Massive floods cause villagers in Assam, India move to a safe place on August 14. According to the United Nations, more than 41 million people have been affected by floods and landslides this monsoon season. Photo by EPA/STR
Aug. 29 (UPI) -- Floods and landslides in South Asia have killed more than 1,200 people and affected living conditions for more than 41 million people this summer, U.N. estimates indicate.
Monsoon season typically brings heavy rains and floods to India, Bangladesh and Nepal between June and September, but this year has been seen heavier than normal rains, officials said.
"This is the severest flooding in a number of years," Francis Markus, a spokesman for the International Federation of Red Cross and Red Crescent Societies currently working in Nepal, told The New York Times.
India has seen most of the damage, with more than 600 deaths and 31 million people who have lost homes, caught disease and lack access to food and clean water, according to the United Nations.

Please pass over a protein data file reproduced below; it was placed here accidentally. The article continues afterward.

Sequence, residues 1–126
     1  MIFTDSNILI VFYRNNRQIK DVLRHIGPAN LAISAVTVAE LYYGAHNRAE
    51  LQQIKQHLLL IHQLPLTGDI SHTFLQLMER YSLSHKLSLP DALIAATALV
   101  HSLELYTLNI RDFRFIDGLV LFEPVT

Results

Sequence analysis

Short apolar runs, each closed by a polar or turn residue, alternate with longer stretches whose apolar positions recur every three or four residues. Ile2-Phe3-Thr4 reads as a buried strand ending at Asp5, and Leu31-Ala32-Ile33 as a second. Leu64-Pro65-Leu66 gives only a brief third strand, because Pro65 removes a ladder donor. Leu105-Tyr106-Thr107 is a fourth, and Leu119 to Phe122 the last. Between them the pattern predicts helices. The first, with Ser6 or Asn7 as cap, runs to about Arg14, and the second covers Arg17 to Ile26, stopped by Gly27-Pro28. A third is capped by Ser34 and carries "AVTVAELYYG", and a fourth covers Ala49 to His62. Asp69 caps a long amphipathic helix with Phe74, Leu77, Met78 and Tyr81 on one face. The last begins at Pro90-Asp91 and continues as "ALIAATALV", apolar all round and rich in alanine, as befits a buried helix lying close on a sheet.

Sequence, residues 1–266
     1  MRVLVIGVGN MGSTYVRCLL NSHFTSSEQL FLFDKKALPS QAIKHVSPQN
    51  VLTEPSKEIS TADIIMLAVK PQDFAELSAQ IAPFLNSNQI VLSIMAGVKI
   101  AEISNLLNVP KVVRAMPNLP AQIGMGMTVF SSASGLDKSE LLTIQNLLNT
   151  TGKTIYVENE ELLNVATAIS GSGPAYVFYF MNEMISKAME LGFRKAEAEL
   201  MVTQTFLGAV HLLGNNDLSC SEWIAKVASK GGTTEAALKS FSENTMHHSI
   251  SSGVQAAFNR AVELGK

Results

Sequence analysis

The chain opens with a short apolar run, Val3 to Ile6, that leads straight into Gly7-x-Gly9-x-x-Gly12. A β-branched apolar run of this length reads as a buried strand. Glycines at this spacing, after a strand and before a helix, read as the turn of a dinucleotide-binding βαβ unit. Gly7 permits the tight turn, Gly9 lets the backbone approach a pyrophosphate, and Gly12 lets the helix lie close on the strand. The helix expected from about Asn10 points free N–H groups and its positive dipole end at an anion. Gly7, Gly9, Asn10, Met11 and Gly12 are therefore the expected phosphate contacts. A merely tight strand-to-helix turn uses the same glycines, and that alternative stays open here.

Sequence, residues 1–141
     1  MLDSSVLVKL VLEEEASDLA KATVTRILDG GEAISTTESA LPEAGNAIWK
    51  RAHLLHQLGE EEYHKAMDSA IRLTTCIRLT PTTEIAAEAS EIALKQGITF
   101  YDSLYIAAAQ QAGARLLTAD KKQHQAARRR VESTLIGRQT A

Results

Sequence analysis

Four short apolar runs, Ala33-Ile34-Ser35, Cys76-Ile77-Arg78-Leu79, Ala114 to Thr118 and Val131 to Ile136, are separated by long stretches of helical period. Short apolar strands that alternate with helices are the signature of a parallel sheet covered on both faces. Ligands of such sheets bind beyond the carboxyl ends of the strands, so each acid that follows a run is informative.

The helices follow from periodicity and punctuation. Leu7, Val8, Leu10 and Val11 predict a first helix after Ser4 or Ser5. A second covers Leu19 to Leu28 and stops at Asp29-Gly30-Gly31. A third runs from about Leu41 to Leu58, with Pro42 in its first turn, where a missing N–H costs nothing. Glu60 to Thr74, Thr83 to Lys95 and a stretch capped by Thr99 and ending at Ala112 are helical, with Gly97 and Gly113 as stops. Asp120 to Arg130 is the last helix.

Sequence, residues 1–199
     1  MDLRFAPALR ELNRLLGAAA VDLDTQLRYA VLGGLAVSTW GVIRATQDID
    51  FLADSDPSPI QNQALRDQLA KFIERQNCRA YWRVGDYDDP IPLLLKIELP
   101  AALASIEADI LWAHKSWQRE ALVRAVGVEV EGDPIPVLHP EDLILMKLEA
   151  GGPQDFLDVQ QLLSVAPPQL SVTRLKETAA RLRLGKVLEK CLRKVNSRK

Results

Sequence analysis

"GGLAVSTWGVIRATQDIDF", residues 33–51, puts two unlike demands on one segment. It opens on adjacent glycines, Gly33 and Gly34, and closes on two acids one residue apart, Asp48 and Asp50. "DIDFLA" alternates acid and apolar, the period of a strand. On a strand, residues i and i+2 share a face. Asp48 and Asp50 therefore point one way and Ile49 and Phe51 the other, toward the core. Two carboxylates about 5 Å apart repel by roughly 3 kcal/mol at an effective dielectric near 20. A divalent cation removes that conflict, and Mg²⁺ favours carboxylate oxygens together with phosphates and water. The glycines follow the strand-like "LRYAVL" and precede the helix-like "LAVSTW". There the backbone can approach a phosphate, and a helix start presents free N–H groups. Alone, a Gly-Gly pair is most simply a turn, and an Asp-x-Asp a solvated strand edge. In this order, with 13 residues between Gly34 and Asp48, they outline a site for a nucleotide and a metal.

On Saturday, Indian Prime Minister Narendra Modi surveyed the damage in the Indian state of Bihar, one of the areas most devastated by monsoon season where government officials say nearly 400 people have been killed. Modi pledged $78 million for relief efforts there, Al Jazeera reported.
But recovery is likely to be prolonged due to the damage done to the farming industry, which will result in a loss of jobs in an area of India where employment is already scarce.
"This year farming has collapsed due to floods and we will witness a sharp rise in unemployment," said Anirudh Kumar, a disaster management official in Bihar's capital city of Patna, where many poor people come to find jobs.
In Bangladesh, half of the country's 64 districts are flooded, but water is beginning to recede, PRI reported.
"Right now the focus is not on rescue," said Matthew Marek, the head of disaster response in Bangladesh for the Red Cross. "The focus is on actually delivering aid -- food, clean drinking water, as well as assistance in the form of hygiene items, et cetera."
In Nepal, Markus said flooding has impacted the poorest parts of the country, where homes are typically made of mud bricks and families rely on subsistence farming for survival. Many of those homes have been destroyed and people are living under tarps as disease spreads.
When the Times asked Markus how the situation in Nepal compares to flooding in Houston, he said: "We hope people won't overlook the desperate needs of the people here because of the disasters closer home."